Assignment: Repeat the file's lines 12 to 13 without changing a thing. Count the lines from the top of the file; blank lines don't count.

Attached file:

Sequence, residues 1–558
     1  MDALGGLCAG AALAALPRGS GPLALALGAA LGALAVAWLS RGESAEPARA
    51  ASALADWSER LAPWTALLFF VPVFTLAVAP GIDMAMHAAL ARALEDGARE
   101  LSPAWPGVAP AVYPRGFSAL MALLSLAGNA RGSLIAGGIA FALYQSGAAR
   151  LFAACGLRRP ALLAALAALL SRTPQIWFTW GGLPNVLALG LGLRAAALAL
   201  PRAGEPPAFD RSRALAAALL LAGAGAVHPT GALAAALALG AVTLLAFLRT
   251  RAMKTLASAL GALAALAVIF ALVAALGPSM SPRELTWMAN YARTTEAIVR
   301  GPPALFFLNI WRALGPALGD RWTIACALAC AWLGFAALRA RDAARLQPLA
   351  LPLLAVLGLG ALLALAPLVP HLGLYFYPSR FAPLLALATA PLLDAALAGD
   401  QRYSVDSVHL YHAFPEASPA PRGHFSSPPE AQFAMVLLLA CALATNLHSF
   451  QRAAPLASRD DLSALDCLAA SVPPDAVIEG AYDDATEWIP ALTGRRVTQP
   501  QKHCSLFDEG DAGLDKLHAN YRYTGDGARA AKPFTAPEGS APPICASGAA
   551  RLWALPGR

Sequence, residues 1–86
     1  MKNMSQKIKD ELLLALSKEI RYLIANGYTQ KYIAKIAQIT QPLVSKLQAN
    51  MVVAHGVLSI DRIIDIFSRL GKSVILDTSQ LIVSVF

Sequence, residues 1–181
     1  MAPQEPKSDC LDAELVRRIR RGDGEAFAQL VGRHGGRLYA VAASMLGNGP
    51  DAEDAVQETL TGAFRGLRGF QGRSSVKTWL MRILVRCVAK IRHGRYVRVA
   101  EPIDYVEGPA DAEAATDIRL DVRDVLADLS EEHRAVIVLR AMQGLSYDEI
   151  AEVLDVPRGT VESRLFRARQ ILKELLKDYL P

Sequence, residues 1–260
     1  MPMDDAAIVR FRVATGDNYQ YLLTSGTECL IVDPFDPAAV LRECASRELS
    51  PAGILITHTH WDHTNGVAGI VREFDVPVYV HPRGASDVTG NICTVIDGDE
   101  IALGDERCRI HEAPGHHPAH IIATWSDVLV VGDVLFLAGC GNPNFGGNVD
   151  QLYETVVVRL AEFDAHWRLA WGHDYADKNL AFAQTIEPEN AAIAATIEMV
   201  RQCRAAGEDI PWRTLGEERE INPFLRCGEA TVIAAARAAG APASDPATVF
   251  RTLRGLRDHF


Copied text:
   501  QKHCSLFDEG DAGLDKLHAN YRYTGDGARA AKPFTAPEGS APPICASGAA
   551  RLWALPGR